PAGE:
In the early days of blawging, one of my beefs with the academics was that they didn’t engage in humanspeak with lawyers. Or to be more precise, they wouldn’t tolerate the fact that lawyers didn’t use the moderated speech of the Academy, where calling something “interesting” was tantamount to saying your baby was ugly and you’ve got a booger hanging from your nose.
It was, in a word, frustrating when the prawfs came up with some interesting idea but couldn’t manage to engage with practicing lawyers in a way that enabled an overlap in the discussion. They had theirs. We had ours. To the extent there was any overlap, it was usually some sniffling prawf offended at someone (often me) who disagreed with their brilliance in comprehensible terms. But at least it was a substantive disagreement, even if we didn’t use the word “curious” to describe it.
And then, all hell broke loose.*
The flood of criticism, much of it on the Immprof listserv and Prawfsblawg, that has engulfed me (while traveling abroad, no less) and my co-author Rogers Smith deserves a reply. Fortunately, mine can be fairly brief as Rogers has already published his own series of replies on the Immprof listserv, with which I agree almost entirely.
But here is where we differ: Rogers seems less troubled than I am by the toxic, corrosive, name-calling, motive-assuming, and debate-chilling tenor of a few of the published comments, typified by that of Paul Schmidt on Immprof, who stated (for instance) that “[s]omebody should take these characters [Rogers and myself] on and ‘out them’ for the race baiters that they truly are.”
Over the past few years, I’ve watched in disgust as academics have willfully eschewed intellectual honesty for their cause. From the revenge porn debates to campus rape, prawfs lied about law without shame or criticism from their cringing colleagues, fearful of being the target of the sort of venomous attack as happened here. Then came Trump, and icons of academia like Larry Tribe forfeited a career of credibility in the name of the fight.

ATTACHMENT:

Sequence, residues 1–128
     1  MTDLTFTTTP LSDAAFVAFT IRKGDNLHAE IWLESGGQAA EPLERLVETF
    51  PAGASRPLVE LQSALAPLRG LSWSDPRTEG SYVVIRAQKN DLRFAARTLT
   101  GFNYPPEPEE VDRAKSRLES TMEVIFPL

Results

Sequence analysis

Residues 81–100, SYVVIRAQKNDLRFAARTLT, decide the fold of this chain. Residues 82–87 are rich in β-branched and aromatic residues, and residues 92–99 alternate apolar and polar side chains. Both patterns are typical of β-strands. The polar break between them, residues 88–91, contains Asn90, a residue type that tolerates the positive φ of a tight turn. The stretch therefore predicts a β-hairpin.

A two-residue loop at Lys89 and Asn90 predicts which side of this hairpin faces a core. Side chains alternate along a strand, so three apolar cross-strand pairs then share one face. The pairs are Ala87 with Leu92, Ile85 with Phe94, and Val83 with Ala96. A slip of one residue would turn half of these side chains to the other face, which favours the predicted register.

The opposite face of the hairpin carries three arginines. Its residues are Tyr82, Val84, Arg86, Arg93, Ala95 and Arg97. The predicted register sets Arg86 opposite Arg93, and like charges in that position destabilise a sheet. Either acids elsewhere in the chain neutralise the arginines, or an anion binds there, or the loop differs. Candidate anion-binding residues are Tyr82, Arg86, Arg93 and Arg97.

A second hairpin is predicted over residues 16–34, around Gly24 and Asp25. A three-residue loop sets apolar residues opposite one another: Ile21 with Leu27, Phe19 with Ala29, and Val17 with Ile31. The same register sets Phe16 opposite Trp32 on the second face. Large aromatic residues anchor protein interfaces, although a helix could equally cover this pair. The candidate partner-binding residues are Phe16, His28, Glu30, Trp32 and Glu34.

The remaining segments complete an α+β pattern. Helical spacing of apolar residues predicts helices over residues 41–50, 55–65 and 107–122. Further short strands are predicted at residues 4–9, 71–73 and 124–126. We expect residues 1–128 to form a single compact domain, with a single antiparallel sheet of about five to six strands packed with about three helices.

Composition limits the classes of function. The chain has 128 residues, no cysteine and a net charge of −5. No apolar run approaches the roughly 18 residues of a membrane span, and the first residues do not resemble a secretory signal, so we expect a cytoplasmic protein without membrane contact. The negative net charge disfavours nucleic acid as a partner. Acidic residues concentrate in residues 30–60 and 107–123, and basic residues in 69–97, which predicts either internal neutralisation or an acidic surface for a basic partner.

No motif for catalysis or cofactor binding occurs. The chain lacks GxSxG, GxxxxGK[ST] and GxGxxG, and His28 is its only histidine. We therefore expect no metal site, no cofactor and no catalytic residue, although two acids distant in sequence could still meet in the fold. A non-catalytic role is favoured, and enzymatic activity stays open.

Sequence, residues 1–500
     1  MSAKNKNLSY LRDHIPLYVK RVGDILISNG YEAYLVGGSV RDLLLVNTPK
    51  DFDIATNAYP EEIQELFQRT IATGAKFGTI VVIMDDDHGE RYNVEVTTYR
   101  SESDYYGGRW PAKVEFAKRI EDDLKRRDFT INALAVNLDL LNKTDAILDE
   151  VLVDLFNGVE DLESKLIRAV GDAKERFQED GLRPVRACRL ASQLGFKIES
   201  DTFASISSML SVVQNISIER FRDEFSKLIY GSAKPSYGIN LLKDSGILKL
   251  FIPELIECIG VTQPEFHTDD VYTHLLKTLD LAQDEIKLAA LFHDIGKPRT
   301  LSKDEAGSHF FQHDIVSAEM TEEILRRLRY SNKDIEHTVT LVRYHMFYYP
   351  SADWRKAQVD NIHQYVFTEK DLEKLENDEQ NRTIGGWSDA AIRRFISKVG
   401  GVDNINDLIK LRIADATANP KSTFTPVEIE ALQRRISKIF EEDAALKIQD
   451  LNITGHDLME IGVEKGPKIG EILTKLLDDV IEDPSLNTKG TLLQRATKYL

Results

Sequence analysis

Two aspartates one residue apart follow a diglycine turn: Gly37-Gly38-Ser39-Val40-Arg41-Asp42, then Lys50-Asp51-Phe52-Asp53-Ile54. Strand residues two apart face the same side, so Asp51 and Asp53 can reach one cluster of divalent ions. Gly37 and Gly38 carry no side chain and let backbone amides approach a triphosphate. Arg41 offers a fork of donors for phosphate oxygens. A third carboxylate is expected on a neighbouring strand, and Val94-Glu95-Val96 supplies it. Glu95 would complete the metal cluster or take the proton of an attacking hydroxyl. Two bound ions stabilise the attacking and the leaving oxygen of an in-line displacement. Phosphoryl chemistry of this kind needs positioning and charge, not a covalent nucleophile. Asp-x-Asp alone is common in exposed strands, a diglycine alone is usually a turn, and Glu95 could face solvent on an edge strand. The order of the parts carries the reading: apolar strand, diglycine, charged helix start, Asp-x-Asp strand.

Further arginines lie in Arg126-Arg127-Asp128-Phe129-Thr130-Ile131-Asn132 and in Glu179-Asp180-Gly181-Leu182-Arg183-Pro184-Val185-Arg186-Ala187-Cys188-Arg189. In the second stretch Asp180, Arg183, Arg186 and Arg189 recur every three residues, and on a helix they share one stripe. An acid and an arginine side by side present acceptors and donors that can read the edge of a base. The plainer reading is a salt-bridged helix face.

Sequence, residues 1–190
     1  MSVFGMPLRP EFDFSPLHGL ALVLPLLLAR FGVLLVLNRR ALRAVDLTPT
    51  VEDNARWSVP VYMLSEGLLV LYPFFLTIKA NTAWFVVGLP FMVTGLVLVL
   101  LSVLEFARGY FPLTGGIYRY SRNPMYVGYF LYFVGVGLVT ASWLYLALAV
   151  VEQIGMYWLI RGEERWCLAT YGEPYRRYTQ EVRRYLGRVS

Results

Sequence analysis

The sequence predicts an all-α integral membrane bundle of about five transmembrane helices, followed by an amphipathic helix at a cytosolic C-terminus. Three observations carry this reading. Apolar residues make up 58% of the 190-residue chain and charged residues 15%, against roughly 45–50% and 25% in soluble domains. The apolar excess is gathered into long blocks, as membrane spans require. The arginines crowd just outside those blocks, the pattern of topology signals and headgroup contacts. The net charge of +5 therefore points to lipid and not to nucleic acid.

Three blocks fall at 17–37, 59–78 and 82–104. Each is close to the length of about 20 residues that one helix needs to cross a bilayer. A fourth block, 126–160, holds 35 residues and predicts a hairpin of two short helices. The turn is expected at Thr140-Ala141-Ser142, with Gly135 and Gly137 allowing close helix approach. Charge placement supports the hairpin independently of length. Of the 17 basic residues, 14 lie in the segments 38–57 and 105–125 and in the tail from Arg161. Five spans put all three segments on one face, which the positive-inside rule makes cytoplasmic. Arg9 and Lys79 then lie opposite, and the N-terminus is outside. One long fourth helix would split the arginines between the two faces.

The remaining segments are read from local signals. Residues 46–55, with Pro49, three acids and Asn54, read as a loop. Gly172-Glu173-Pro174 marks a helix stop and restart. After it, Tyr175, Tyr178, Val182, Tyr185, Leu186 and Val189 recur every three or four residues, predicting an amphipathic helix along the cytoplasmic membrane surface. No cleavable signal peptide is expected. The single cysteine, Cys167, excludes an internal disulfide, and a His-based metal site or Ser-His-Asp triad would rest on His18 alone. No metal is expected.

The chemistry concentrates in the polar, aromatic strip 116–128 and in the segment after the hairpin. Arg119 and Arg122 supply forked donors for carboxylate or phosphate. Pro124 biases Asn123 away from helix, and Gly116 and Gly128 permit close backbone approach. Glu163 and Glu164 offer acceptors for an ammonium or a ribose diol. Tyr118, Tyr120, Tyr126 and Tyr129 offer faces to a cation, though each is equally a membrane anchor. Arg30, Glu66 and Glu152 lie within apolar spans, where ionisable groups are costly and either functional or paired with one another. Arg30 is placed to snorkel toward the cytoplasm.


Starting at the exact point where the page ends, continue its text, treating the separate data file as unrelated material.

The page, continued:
As nasty, ugly and obvious as all this was, at least it remained couched in language that purported to address the issues. Sure, it tended to be made up of passive-aggressive lies, but this is different.
“[s]omebody should take these characters [Rogers and myself] on and ‘out them’ for the race baiters that they truly are.”
There is a serious legal debate about the underlying issue, but take the position disfavored by passionate progressives and the response is at the level of the worst SJW shit-for-brains on twitter.
Rogers, fine scholar, idealist, and gentleman that he is, imagines that even this bombastic exercise in impugning the good faith and motives of two serious scholars who have long advocated more generous immigration policies will somehow advance the cause of egalitarian solidarity. To me, this is wishful thinking that can never justify such ad hominem comments among scholars about a genuinely difficult legal and policy issue. Far from coalition building, this kind of self-righteous intolerance can only confirm the worst suspicions of the coalition partners Rogers hopes to attract.
Peter Schuck is right, this will not “advance” any useful cause or discussion. But more importantly, trying to whitewash this ad hominem attack should be intolerable. Outside of law, we’ve seen what happened with Charles Murray and Christina Hoff Summers, who have been turned into pariahs in woke company and the targets of de-platforming and violence. Here, a legitimate argument, whether you agree or not, on a significant issue of law might be removed from the table lest anyone make the argument and be attacked as a racist.